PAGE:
Risk and value management was one of the hot topics of discussion and debate at our recent corporate real estate seminar in Singapore.
We expect to see growing awareness and utilization of risk and value management locally as economic pressures continue and access to capital is constrained. The benefits will steadily become more visible in the region, already spearheaded by inward investor companies who are accustomed to using this approach internationally. The ethos of best practice is also becoming more relevant and more aspirational in Singapore and this again supports the use of more formalized processes.
So what benefits does risk and value management bring?
Risk management provides the confidence that project executives frankly yearn for when committing large sums of monies to a project or when broadcasting opening dates for their new projects to the wider public.
Value management ensures that what is delivered is shaped to provide best value in terms of fulfilling the vision that led to the inception of the project in the first place.
Risk management at its highest level follows a standard approach which is:
- Manage risks
Experienced clients however utilize best practice risk management tools and are therefore able to maximize confidence in the cost and schedule. Faithful+Gould provides Quantitative Cost Risk Analysis (QCRA) and Quantitative Schedule Risk Analysis (QSRA), enabling informed decisions on budgets and programmes that ultimately help secure funders’ buy-in to the business case.
What do these models provide?
QCRA models help clients establish efficient division and allocation of monies to each project in the portfolio. More efficient resourcing may mean a further project can be added to the programme, to further the client’s profitability.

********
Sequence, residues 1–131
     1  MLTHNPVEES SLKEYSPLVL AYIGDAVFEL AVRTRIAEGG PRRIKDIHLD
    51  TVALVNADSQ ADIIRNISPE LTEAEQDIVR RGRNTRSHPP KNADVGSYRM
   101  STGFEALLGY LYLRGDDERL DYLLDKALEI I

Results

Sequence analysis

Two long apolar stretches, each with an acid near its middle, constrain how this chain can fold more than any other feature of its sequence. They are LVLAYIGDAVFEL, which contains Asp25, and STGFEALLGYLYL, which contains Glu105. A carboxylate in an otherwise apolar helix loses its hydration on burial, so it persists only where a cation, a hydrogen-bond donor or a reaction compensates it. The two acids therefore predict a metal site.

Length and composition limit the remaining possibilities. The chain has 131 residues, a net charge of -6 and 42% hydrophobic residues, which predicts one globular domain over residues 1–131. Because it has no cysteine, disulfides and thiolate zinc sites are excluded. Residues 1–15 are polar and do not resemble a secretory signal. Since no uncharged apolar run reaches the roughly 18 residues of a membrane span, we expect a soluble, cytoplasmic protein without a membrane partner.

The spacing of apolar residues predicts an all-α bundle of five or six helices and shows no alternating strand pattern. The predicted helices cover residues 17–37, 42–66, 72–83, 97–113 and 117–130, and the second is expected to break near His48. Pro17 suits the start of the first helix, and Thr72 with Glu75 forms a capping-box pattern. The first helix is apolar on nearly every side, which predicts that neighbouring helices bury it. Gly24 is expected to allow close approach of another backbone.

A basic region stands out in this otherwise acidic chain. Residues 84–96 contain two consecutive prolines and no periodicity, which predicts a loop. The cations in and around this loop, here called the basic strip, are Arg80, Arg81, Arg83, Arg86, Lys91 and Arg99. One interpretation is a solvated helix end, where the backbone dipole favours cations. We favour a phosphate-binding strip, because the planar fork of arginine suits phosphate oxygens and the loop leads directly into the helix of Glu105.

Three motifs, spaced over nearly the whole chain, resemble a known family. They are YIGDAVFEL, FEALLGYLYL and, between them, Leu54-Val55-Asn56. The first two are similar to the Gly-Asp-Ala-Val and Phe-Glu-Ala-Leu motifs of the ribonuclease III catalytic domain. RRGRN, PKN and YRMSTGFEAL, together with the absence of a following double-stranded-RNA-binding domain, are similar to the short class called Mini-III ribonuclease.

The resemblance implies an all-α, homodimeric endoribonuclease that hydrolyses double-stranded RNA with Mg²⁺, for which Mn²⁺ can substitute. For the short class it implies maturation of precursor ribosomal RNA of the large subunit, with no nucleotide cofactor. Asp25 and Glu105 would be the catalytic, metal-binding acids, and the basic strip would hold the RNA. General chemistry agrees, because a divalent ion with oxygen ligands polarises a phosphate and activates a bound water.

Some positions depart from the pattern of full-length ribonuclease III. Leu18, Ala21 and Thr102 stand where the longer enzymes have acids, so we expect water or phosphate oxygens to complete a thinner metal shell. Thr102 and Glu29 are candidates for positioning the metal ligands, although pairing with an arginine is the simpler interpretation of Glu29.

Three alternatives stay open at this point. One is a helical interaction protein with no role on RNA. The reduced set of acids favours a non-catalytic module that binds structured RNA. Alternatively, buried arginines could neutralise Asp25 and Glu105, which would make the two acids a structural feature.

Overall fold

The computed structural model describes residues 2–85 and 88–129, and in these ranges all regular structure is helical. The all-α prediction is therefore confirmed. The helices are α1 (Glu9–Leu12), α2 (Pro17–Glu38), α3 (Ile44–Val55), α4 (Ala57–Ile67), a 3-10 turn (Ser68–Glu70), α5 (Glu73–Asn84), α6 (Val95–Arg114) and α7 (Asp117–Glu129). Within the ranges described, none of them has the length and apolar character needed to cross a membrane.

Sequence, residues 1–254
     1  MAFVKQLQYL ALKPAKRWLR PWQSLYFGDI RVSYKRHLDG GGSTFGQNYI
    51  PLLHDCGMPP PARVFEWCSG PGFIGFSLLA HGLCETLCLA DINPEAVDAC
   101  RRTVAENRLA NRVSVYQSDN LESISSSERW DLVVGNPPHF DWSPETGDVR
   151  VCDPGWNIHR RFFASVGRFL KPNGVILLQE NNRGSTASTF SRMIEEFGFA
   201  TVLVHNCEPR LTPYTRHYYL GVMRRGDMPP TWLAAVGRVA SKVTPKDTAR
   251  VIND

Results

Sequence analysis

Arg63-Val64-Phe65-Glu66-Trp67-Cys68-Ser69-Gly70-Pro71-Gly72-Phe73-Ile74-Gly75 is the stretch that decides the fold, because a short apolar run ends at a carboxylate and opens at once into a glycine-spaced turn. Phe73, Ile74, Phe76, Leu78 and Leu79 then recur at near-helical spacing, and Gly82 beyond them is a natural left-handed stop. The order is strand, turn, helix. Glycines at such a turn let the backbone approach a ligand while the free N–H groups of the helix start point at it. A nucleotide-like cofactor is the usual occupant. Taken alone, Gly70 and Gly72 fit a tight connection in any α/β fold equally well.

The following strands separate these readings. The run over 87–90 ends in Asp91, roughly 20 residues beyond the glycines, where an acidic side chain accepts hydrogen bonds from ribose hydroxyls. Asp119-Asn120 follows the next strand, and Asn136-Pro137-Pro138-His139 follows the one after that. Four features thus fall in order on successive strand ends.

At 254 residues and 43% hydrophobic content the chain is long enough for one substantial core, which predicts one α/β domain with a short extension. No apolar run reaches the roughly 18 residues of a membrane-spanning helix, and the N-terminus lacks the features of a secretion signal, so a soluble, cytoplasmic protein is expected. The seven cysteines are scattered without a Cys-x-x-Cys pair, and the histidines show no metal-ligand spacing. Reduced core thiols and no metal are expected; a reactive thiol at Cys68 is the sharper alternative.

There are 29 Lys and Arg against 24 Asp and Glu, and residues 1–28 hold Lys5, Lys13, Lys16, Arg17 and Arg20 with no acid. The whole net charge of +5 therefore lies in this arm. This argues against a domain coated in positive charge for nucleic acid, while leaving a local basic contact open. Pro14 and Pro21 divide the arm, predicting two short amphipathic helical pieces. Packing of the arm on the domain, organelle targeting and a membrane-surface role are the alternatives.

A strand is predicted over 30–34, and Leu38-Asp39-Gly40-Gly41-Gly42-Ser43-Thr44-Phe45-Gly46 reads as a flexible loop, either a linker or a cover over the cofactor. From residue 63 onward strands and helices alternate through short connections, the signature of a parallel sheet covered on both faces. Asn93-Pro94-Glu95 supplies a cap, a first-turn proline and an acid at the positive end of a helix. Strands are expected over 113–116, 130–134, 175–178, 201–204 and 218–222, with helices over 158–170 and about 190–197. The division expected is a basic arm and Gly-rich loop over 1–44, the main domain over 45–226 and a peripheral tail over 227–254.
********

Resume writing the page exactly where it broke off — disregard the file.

Using a standard percentage contingency will not enable the programme budget to be optimized in this way. QSRA, on the other hand, helps clients shape their plans for delivery, providing an early identification of measures needed to de-risk the project.
The confidence levels for cost and schedule can then be presented as 50% or 80% etc. Essentially this identifies the likelihood of the cost or date being exceeded.
QSRA successfully used
Faithful+Gould has provided QSRA for organizations in a variety of sectors. For example, on a retail development in Scotland we advised on the likelihood of delivering a major new retail centre by their advertised date. Leases were being agreed date but our analysis attributed low confidence levels to achievement of the completion date. By working with the client and the contractor, we helped re-sequence future activities and target specific areas of works early. We identified the key risks that caused the low confidence levels and thereby helped the client deliver the centre as planned.
We also provided value management services, helping develop the client’s identification and understanding of the corporate values sought through the project’s delivery.
On a major new corporate headquarters in China, we provided a QCRA function to help identify the budget needed to achieve an 80% confidence level on costs. We also provided value management services, helping develop the client’s identification and understanding of the corporate values sought through the project’s delivery. This helped identify areas of cost savings to reduce the overall budget whilst maintaining high confidence levels.
Corporate real estate developers and portfolio holders in the region have yet to fully embrace this discipline, but the seminar participants were keen to find out more and to consider how this could help their own organisations and/or clients.
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